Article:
28 July 2020 Apia Samoa. This time last year, Andy Faitua was living the jetsetter life working as a flight attendant for Samoa Airways and spending much of his time away from his home in Faleseela.
The global COVID-19 pandemic has changed all of that for the 27 year old who has had to exchange his Samoa Airways wings for a plantation tools.
Faitua has returned to his first love of plantation work and tour guiding at Lalotalie River Retreat in his village.
The sudden career change hasn’t been drastic or unwelcome as some may think because this multi talented young man made the transition very easily from his workstation in the air to planting his feet again in the land he loves.
“I have been working on the plantations my whole life” said Andy “Even though I travelled with my job I’ve never forgotten where I started and I’ve always come back to the village.”
“My family love working on the plantations and we are still growing taro for export” he added “Even when I had my days off from Samoa Airways I always came back to the plantation and planted taros”
The only apprehension Andy had when Samoa Airways ceased flight services was the fear of income loss, but the blessed abundance of Samoa’s local attractions, land and ocean; this tour-guide and eco-warrior has been able to keep busy in the interim.
Andy has taken up the lead tour guide position at Lalotalie River Retreat under the guidance of his uncle, Olsen Va’afusuaga who owns ECAT (Eco-adventure Tours).
Lalotalie is another unique attraction in Samoa, where visitors are taken on the 6 hour muddy hike through rivers, forests and through magnificent mountainous landscape to view stunning waterfalls… 14 in total!
As a youngster, Andy was a budding visual artist who has been working and training as a tour guide since he was 16 years old.
He then tried his hand at tour guiding as a teenager and had been inspired to pursue a tourism qualification and in 2017 he was awarded a scholarship to study at APTC in Vanuatu for 6 months.
Despite working full time for the airline since 2018, Andy was always drawn back to his village on his days off to help out.
“I was a little worried in the beginning when Samoa Airways stopped operating but then I remembered that I have tour guiding at ECAT Adventures at Lalotalie and our family land to fall back on. I’m very grateful that I have been able to come back and work with my uncle Olsen at Lalotalie and also focus on the many environmental projects that we work on as a village.”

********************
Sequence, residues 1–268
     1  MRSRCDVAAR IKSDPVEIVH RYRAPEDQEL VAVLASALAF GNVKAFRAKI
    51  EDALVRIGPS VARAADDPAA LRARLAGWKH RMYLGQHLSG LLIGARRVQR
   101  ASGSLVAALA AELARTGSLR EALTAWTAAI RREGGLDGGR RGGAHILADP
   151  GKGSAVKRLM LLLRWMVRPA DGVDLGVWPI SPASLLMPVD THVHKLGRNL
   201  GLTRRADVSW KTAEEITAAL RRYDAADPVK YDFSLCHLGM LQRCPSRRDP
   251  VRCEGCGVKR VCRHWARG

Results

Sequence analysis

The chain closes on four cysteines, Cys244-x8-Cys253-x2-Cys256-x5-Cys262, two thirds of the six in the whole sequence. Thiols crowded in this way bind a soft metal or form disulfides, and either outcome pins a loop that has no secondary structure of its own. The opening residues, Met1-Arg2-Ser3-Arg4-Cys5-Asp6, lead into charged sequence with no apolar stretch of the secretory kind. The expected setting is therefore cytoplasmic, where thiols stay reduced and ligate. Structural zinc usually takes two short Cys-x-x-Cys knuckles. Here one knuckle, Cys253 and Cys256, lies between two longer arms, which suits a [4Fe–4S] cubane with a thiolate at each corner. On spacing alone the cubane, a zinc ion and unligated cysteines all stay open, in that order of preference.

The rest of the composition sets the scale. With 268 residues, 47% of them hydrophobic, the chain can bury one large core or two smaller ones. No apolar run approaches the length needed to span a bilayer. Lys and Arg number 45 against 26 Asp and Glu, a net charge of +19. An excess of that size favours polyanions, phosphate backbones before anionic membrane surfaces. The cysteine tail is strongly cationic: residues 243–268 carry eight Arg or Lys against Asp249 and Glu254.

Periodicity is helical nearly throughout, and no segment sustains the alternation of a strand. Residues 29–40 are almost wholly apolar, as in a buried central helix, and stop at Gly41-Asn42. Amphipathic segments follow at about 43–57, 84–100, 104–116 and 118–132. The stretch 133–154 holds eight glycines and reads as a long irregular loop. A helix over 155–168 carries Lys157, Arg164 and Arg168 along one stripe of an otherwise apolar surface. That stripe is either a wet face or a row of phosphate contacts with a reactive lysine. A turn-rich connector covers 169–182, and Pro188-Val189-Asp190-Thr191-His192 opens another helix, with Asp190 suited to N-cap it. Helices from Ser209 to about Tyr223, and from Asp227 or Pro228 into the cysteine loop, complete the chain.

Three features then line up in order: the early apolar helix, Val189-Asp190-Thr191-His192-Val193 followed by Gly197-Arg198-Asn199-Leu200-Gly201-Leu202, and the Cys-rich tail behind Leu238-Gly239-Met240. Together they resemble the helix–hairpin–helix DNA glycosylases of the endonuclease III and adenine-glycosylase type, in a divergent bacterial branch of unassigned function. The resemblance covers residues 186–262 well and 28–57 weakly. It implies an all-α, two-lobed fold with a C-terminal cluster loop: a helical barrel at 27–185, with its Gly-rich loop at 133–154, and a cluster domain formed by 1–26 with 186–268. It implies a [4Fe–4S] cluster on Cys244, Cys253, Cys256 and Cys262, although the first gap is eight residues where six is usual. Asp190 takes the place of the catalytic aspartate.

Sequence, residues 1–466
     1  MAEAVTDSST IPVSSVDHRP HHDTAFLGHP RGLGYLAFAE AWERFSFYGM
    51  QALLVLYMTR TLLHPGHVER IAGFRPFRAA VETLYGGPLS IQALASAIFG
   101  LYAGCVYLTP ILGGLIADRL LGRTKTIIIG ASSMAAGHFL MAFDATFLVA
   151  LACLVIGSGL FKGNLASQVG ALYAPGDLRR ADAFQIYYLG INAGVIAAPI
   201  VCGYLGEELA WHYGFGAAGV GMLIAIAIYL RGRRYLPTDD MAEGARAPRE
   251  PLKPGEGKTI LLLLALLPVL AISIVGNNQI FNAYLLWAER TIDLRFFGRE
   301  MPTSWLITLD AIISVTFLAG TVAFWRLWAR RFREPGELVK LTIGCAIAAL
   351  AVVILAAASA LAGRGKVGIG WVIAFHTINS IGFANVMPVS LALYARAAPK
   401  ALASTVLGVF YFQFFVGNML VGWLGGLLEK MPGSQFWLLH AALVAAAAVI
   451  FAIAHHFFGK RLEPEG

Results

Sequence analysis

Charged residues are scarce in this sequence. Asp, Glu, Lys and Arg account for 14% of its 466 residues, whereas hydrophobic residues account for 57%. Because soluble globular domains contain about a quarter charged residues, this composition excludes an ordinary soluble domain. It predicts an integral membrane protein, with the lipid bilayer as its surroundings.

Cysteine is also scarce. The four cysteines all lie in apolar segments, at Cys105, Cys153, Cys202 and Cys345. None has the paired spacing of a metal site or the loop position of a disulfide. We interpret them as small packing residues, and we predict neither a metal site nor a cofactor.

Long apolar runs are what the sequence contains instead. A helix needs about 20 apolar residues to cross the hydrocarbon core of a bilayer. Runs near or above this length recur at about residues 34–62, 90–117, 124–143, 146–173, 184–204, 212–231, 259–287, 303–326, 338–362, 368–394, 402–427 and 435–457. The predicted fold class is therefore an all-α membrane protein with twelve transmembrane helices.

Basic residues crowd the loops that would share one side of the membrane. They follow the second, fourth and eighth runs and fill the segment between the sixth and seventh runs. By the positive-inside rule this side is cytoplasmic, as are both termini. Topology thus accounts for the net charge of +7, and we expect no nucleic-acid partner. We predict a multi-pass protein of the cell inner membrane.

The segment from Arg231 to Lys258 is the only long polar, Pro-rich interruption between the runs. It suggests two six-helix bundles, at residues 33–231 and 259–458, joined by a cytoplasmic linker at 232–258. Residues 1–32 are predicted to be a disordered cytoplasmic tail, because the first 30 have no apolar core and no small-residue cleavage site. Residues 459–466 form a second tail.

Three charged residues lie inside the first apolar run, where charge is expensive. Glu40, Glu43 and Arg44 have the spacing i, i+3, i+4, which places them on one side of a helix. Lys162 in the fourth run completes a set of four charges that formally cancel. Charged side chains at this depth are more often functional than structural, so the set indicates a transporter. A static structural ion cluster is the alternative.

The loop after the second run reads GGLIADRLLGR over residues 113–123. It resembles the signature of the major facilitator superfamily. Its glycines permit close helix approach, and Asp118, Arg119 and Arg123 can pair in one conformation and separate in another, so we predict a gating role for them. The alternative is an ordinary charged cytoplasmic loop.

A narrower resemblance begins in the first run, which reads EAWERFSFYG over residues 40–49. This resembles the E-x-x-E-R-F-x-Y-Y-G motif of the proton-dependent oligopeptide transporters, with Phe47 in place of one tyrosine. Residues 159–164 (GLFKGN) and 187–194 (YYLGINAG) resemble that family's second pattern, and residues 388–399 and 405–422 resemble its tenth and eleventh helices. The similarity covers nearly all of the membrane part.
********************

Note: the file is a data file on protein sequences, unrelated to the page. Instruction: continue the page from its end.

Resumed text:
“I love to meet new people who are interested in our way of life here in Samoa” said Andy “
I share with them my knowledge of plants and animals in the forests as well as our cultural cooking traditions when we make the umu for groups who stay at Lalotalie”
The village’s life source, Liua le Vai o Sina River dried up in 2011, threatening their livelihood and future. Since then environmental projects have been an ongoing community effort.
Since then the river is flowing again and the village has been proactive in setting up the Faleaseela Environment Protection Society motivating their community to take active measures in protecting their land and water resources.
“The history of the river is that it has never dried up until it happened in 2011 – it was really sad for the village to see; people were throwing rubbish in it, and also up in the mountains people were clearing too much land.” said Andy
“So our Matais had a meeting and planned a project to plant trees to protect the river from the impact of climate change and also to encourage our community to take care of our land. Once a week we gather the boys of the village and we go and clean up the trees, kill the vines, chase wild pigs away, plant trees and clear away the rubbish.”
Although the future still remains uncertain for Andy’s flight attendant career while borders remain closed and the confirmation of Samoa Airways new aircraft is still pending, this young leader is optimistic and looks forward to wearing the uniform of our national carrier again.
Until that day, Andy will continue to work on the land, serving his family and his village while leading the youth in their latest environment protection project focusing on developing and protecting the mangroves.
“I love working in the village because I grew up here in the jungle,“ Andy laughs. “I don’t like staying in the house and doing nothing – I just love working.”
“This is what I tell my younger brothers and cousins – we have been blessed with this land here in Savaia and Samoa,” he said.
“I’ve travelled and lived overseas and it’s way different to how we live in Samoa. We have been blessed to be able to grow anything in Samoa and grow up here.”
“The plantation is freedom – you go to your backyard and plant taro, it’s so easy. I always tell the young people, don’t forget to work on the land because these are the things that we have to learn and keep alive.”